Posted by : Unknown Wednesday, 16 July 2014

My finger is hovering over the pre-order button for Dragon Age: Inquisition, but being a responsible adult, I have not yet committed. It will happen though. No matter how much Bioware has hurt me with tri-coloured endings, missing Wardens and almost everything else about Dragon Age 2, I just can’t quit them. It certainly doesn’t help that they know all the right buttons to push. And by that I mean companions.

Aside from the fact that Bioware is fully embracing the concept of DiversityTM and Strong Female CharactersTM, and totally standing behind their choices, with team members openly shutting down the bigots, their NPCs are always just … awesome. And Bioware knows it.

Subject Zero convinced me to play Mass Effect, thanks to her teaser:
She might not seem like much more than an angry woman child looking to rage out on anything in her way, but getting to know her meant that, by the time I met up with her again in Mass Effect 3, she had made mama so damn proud.

Bioware’s characters are so wonderfully nuanced. Layers upon layers, with rich histories and connections that players can only truly learn by taking the time to talk to them and to listen to what they have to say. Reading their bios isn’t good enough. You have to truly hang out with them to appreciate them. That doesn’t mean players are meant to like all of them. That’s the best part – the characters are so realistic in their quirks and their flaws that everyone can relate to them in some way, for better or for worse. Making the effort to get to know the NPCs can lead to some of the games best moments, and because of Bioware’s obsession with ChoiceTM, the NPCs reactions and interactions can be completely different from playthrough to playthrough, revealing even more about them.

I’m currently playing SWTOR as much for the class stories, as for the companions related to each class. Unfortunately, there are limitations to the amount of interaction the player gets with each of the five companions, but I grasp at those little tidbits of goodness, and am sad when my companions run off on their own personal missions, but don’t invite me along.

It’s fun to compare the companions from one Bioware game to another, because the writers have clearly developed a framework of their own special archetypes. The child-like apprentice-type, who isn’t as naïve as they seem to be. The anarchist. The mother figure. The eager to please. The uncaring. Archetypes typically found in other media as well, but Bioware seems to have developed and branded their own little twists.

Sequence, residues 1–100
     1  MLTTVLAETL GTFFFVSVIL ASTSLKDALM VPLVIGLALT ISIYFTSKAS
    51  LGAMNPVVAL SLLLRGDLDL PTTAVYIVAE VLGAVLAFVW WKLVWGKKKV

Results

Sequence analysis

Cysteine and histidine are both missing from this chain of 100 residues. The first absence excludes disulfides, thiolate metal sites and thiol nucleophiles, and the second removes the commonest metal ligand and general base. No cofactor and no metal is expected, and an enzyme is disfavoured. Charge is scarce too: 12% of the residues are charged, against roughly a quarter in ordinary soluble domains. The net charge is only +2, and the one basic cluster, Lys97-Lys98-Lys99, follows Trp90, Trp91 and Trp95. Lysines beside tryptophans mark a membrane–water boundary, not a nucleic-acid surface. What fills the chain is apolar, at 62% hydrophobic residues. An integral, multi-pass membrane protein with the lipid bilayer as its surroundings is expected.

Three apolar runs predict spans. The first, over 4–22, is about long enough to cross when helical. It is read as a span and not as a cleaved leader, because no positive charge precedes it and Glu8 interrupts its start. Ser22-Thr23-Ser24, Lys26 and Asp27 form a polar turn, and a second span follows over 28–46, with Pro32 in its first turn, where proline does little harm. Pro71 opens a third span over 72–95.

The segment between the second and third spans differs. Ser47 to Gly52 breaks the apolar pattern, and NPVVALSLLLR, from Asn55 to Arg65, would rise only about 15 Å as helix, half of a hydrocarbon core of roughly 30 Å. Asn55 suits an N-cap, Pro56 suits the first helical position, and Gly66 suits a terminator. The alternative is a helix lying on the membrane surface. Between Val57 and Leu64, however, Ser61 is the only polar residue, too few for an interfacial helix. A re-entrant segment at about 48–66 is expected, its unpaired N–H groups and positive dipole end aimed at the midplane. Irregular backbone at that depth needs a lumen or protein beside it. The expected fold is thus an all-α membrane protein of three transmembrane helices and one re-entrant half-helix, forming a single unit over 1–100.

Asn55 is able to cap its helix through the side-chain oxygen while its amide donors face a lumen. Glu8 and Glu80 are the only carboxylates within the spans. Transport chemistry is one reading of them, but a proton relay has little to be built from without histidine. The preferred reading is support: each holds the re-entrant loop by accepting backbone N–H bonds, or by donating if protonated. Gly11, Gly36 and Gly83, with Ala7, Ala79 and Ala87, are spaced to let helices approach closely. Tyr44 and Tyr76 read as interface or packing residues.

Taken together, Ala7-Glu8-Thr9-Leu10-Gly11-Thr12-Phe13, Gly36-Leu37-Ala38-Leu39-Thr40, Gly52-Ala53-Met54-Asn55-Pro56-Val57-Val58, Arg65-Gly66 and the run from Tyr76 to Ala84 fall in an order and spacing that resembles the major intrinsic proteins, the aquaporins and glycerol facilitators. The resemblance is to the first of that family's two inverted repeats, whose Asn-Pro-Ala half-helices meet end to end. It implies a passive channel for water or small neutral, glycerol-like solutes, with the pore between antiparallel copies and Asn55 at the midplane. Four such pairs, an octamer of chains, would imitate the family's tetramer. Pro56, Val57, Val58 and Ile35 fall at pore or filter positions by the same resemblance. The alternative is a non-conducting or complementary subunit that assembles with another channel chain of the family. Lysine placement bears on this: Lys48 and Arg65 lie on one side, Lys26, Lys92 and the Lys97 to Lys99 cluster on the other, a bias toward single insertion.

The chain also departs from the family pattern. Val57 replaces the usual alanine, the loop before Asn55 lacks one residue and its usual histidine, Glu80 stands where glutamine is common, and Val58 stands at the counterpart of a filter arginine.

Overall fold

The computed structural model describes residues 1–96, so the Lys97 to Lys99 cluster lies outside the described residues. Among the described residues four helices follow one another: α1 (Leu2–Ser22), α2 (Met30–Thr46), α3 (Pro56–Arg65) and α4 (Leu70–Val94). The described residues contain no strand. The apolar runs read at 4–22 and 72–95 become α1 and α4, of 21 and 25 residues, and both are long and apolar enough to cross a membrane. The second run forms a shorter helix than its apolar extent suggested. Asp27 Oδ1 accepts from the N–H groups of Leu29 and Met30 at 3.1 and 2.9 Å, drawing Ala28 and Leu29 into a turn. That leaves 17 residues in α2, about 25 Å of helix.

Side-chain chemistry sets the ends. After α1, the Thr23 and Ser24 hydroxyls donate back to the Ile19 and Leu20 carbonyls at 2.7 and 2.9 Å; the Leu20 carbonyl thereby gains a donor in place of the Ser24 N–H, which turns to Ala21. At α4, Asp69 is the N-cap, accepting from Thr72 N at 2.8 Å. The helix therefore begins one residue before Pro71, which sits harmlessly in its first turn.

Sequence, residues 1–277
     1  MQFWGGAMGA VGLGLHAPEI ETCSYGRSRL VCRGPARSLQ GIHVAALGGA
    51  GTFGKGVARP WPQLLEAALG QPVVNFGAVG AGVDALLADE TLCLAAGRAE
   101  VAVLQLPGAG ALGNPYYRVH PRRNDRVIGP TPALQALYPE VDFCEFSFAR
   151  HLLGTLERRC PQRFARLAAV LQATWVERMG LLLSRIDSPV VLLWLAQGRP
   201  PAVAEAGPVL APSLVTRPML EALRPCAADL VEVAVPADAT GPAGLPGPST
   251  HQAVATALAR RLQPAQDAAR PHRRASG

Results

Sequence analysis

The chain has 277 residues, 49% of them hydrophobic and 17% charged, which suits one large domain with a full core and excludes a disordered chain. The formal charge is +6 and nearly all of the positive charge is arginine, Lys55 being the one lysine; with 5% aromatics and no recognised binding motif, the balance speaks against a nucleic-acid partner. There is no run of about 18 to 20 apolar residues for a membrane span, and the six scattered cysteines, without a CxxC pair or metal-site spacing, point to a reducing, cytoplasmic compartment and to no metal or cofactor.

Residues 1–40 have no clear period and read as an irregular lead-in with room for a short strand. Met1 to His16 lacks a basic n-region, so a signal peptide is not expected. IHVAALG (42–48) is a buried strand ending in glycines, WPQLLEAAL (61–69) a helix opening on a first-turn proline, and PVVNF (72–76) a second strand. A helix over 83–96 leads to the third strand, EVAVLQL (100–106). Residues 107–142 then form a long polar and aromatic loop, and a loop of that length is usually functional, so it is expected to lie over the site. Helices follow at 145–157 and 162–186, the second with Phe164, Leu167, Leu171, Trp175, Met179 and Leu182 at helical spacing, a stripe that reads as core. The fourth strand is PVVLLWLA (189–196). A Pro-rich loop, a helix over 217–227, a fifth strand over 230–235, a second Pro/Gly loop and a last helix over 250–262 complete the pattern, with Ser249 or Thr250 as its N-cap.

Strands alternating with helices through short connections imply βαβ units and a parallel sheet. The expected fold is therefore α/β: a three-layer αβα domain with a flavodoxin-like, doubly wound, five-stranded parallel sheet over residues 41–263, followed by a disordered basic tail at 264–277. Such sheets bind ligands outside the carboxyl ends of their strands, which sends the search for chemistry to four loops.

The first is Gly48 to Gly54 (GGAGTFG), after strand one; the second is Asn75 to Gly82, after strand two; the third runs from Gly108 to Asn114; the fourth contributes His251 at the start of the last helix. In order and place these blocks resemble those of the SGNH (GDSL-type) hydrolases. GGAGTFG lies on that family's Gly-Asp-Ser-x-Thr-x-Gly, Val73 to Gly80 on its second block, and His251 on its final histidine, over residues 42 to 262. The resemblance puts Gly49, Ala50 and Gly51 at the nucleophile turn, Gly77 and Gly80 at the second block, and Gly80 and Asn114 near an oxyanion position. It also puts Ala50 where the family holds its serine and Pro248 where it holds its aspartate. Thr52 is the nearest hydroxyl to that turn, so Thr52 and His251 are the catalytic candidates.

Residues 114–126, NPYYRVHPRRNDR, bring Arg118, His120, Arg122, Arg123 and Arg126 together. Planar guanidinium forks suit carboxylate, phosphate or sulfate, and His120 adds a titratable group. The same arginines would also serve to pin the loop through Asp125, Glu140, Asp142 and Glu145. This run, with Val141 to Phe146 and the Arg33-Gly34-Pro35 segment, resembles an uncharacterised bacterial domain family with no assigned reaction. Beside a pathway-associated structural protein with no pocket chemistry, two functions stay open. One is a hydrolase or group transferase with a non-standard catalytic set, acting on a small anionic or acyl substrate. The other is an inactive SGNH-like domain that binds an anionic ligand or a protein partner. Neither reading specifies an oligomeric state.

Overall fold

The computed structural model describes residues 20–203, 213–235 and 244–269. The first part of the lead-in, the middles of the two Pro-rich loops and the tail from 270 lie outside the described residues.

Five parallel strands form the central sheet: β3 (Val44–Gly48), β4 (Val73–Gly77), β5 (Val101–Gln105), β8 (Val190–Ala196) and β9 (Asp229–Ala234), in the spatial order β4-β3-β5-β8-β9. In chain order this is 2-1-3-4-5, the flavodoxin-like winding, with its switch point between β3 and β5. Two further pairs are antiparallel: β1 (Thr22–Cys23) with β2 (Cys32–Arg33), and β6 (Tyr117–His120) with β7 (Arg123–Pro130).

Bioware also knows that some of us (lol we are the 99%) are here for the pixelated romance. How many times have I vowed not to romance Alistair, but end up falling for this every time? So why fight it? In fact, with the introduction of Dragon Age: Inquisition’s Dorian Pavus, I am, for the first time ever, making plans to make my legacy character a male. You don’t understand how major a decision this is. Because boys are yucky. They can be nice to look at, but if I have the choice, I prefer to create female characters. I suppose the simple answer is that, being a female, I relate better to female characters. The simpler answer is that, if I’m going to be staring at the same character for 100 hours, I want it to be appealing to my eyes – which leads to the simplest answer: boobies.

Dorian Pavus by Ymirr
But Dorian Pavus fascinates me. I’m not *just* making a male NPC *just* so I can bed the rebellious Tevinter mage, but I know that romance options means even more opportunity to get to know the characters. I’ve also already planned out the rest of my main team, which will be comprised of the following:

Vivienne: Because she is fabulous and will mountain climb in heels because fuck you.

Iron Bull: Because the kossith have developed over the years and we’ve gotten to see them from the more rigid qunari religious aspect. I expect lots of interesting dynamics between him and Dorian, since the kossith have a long history of animosity with the Tevinter.

I’m leaning toward a mage for my first character, though I haven’t spent too much time exploring the class options. I’m more interested in the party dynamics. My second will likely be a rogue, a class I’ve learned to appreciate since Dragon Age: Origins and have honed in Skyrim. This one will likely be a kossith female and I’ll definitely have Cole in party, at least for a few minutes. I know Cole from the book Asunder and was so pleased when he was announced. He’s a ghost of sorts, with physical form that is forgotten if you move away from him, and I’m curious to see how his story continues here.

Save for the latest book, The Masked Empire, I’m all caught up on my back stories, which I know will play into the game. Non-lore hunters won’t be hurt by not reading all the surrounding materials, but for me, it’s almost necessary. When such effort is put into creating a world with such depth, why wouldn’t you go beyond simply killing all the things with fire.

Not that I won’t be killing all the things with fire, mind. I just haven’t paid much attention to the game mechanics. It’s not my main point of interest, and considering I’ve struggled through games with awful and even glitched mechanics just for story purposes (and Kreia), I’m really not worried about Dragon Age: Inquisition causing me any more stress.

Now all I need is Prince to show up in Orlais, and all will be well in my world.


This is my mindspill. Mostly about comics, books, video games, movies of the science fiction and fantasy leanings. Sometimes recipes and parenting stuff will sneak in, along with a real world rant or two.

I also write about geek culture at Women Write About Comics, and I review genre fiction at The BiblioSanctum.




2017 Reading Challenge

2017 Reading Challenge
Wendy has read 9 books toward her goal of 100 books.



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